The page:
Flip the Script

When jealous feelings arise, challenge yourself to turn the empty, harmful, likely untrue thought into a productive one. A great way to do this is to write down your initial feeling (i.e. Maria won that big contract when I haven’t been able to secure a new contract in months, which must means she’s much better than I am). Then, challenge yourself to move away from feelings of jealousy and toward feelings that are productive—and write down a new statement that better reflects this mindset (i.e. I am going to spend this week studying up on communication and messaging in order to ensure I’m doing everything I can to get my business in front of the clients I want to serve).

You’ve Made People Jealous, Too

Remind yourself that, at some point or another, people have likely felt the exact same way about you. You? Yes, you. Whether it was that super thoughtful question you asked in the audience during the Q-and-A period of a presentation, or that killer earthy aesthetic you threw together for that winter wedding you planned, you’ve most definitely done something that has filled another professional with envy. We tend to forget all of our awesome accomplishments and, instead, focus on things we haven’t achieved—but the truth is, no matter where we are in life, there are always people who look up to us and think we walk on water. The goal is never, ever to make others jealous—but instead to remember that we, too, have been the apple of someone’s eye at some point in our life.

Find the Positive in Others’ Advancement

The advancement of others is often a good thing for everyone in an industry. So, the next time a competitor scores that feature article instead of you, force yourself to find one positive thing in their achievement. Maybe your arch nemesis won an amazing Women in Business award. What’s positive about that? Well, the fact that they’re drawing attention to women in business, for starters. Or, what’s positive about the fact you lost a contract to your number-one competitor? The fact that the experience will push you to communicate your skills and clearly explain your services even better the next time around, which ultimately means you’re raising the bar for everyone in your industry. Finding the silver lining when all we want to do is focus on the dark is no easy task—but you’re no ordinary wedding professional, and moving forward with a smile (even if it’s a forced one) is so much better than sulking in place, after all.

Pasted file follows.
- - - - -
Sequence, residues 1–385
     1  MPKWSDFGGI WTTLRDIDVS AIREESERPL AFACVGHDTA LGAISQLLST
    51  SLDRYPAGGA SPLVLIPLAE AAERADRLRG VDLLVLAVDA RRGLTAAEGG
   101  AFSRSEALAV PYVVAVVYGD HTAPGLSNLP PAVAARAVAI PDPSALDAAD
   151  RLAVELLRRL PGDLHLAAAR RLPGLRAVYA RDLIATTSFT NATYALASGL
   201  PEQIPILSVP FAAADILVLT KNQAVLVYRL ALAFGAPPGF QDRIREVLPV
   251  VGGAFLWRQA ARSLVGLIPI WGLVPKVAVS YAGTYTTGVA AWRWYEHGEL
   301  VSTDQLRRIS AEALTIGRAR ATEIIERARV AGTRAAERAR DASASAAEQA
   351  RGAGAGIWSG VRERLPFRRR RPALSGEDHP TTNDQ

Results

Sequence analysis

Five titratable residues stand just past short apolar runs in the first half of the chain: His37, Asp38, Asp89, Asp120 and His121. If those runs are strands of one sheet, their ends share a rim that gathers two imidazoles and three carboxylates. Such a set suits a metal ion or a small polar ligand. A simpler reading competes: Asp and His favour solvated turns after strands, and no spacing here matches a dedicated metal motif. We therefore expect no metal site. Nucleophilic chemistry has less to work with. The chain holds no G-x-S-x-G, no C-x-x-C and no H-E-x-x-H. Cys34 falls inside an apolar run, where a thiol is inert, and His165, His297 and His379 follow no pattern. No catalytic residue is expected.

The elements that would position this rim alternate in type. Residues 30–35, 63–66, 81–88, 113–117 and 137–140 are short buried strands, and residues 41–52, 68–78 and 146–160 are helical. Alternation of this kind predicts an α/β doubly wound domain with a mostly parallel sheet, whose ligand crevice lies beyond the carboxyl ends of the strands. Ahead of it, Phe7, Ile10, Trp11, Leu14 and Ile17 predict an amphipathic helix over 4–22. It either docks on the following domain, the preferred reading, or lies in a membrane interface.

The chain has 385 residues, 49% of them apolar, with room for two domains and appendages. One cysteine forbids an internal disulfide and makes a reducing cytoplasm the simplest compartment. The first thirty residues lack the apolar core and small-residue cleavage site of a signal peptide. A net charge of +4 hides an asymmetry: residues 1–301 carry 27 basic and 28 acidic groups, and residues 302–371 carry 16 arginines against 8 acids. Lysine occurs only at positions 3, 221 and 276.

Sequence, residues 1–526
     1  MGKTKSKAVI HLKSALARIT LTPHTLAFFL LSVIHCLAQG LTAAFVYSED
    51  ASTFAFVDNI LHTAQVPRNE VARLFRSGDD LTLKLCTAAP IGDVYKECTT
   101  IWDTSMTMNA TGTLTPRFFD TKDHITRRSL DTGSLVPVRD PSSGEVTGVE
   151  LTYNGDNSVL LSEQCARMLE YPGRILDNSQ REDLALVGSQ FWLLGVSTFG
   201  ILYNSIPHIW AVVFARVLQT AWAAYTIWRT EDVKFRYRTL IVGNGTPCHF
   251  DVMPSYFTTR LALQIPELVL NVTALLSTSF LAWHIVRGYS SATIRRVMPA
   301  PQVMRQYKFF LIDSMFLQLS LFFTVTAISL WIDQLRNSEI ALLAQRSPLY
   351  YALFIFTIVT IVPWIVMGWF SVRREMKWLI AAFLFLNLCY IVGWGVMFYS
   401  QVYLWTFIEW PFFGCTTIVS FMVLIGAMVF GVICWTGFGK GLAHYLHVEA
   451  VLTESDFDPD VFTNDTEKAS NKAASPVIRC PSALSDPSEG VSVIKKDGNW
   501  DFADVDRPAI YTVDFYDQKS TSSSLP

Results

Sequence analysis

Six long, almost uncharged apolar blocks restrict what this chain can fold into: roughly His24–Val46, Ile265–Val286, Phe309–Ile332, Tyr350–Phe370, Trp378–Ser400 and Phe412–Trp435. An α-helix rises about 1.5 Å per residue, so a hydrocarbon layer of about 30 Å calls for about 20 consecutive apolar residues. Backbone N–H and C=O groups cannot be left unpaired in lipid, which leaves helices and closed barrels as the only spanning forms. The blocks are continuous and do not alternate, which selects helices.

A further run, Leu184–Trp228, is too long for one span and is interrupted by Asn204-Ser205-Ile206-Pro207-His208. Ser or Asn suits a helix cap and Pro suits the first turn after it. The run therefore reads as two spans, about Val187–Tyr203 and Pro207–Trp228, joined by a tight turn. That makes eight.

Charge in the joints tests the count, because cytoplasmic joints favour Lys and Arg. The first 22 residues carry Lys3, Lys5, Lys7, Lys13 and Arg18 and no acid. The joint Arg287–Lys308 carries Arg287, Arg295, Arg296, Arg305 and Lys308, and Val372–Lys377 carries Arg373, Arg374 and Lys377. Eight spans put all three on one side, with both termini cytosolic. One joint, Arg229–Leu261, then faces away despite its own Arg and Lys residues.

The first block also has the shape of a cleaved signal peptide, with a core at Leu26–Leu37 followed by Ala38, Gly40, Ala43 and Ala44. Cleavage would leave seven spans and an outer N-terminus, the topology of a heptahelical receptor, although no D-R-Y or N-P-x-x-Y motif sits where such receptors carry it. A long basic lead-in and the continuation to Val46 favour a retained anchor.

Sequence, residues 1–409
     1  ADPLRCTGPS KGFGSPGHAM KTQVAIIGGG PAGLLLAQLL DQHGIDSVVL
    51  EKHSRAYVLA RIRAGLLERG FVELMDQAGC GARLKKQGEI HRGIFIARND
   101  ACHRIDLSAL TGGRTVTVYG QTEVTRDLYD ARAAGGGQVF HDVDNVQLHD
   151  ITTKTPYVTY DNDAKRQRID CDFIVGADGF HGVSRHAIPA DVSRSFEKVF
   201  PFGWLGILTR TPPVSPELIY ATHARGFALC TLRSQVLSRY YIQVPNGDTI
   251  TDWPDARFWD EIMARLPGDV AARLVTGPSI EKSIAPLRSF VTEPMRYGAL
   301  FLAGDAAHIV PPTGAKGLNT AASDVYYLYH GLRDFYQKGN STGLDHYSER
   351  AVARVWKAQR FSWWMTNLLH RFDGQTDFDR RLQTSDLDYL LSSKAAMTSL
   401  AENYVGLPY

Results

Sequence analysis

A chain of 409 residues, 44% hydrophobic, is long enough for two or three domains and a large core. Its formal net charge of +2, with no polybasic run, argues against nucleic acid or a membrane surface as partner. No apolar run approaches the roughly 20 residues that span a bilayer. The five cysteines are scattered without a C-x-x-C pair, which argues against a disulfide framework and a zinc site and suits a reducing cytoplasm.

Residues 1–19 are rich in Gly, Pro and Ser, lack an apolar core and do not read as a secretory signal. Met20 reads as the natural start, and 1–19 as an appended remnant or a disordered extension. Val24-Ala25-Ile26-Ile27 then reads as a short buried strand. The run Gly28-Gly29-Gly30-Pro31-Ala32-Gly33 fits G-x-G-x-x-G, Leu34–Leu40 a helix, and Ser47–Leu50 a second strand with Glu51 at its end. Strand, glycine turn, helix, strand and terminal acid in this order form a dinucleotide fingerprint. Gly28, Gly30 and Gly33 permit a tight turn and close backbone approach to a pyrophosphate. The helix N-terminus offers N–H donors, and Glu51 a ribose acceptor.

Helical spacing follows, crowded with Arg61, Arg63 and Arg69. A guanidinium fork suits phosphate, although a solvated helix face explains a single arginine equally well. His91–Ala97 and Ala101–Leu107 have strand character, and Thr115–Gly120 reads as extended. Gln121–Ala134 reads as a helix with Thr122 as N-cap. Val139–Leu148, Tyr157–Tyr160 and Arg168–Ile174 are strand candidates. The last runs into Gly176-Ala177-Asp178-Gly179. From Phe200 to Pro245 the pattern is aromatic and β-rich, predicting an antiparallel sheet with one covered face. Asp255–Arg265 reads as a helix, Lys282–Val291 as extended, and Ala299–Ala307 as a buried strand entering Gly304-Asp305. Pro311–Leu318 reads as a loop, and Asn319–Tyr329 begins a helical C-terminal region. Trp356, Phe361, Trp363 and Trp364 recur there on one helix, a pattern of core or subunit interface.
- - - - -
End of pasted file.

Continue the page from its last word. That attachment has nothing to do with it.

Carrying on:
About the Author

Gillian Griffith
Gillian Griffith

Gillian knows there’s nothing as deadly as a woman with good grammar, great nails and a strong backhand (think: tennis). She is based out of Las Vegas, Nevada, where she spends the sunny days with her family, her Louisiana Catahoula pup and, her ultimate love, a 1939 typewriter.